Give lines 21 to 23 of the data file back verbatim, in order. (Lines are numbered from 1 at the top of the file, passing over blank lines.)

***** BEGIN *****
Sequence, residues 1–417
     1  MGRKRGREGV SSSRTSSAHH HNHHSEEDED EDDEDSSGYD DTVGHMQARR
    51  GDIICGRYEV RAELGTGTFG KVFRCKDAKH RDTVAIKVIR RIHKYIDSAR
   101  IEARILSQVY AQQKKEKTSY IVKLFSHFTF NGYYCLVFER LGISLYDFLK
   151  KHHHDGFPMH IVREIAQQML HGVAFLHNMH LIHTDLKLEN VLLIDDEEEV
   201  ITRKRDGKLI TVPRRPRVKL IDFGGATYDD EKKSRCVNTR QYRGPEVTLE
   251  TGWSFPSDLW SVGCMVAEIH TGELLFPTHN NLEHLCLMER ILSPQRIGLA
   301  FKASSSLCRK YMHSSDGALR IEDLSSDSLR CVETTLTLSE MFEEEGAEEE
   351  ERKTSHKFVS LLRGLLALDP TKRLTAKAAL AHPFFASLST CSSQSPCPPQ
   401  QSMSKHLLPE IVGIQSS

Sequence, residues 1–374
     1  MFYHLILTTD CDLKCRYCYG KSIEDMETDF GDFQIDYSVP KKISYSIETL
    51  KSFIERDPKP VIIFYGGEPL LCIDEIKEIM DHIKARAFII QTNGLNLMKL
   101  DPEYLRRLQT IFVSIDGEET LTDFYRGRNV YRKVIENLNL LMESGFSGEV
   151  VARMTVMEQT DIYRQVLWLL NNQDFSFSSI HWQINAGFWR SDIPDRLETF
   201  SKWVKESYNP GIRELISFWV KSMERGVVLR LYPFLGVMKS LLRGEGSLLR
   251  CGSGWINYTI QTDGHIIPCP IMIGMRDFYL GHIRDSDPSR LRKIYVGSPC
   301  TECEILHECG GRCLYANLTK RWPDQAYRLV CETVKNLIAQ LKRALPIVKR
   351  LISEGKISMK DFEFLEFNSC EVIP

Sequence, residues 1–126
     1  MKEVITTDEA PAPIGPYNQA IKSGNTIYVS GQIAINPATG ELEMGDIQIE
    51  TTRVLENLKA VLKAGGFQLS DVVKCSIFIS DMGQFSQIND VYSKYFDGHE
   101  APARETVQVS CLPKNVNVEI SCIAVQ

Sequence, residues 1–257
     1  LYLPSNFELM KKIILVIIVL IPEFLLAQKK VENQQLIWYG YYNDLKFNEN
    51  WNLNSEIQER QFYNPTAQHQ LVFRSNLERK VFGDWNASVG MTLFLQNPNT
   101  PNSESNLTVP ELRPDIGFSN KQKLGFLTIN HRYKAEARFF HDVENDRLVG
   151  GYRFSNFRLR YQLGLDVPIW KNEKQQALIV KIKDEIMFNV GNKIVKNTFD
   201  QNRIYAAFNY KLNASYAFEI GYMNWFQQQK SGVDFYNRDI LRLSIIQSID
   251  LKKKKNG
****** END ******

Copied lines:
     1  MKEVITTDEA PAPIGPYNQA IKSGNTIYVS GQIAINPATG ELEMGDIQIE
    51  TTRVLENLKA VLKAGGFQLS DVVKCSIFIS DMGQFSQIND VYSKYFDGHE
   101  APARETVQVS CLPKNVNVEI SCIAVQ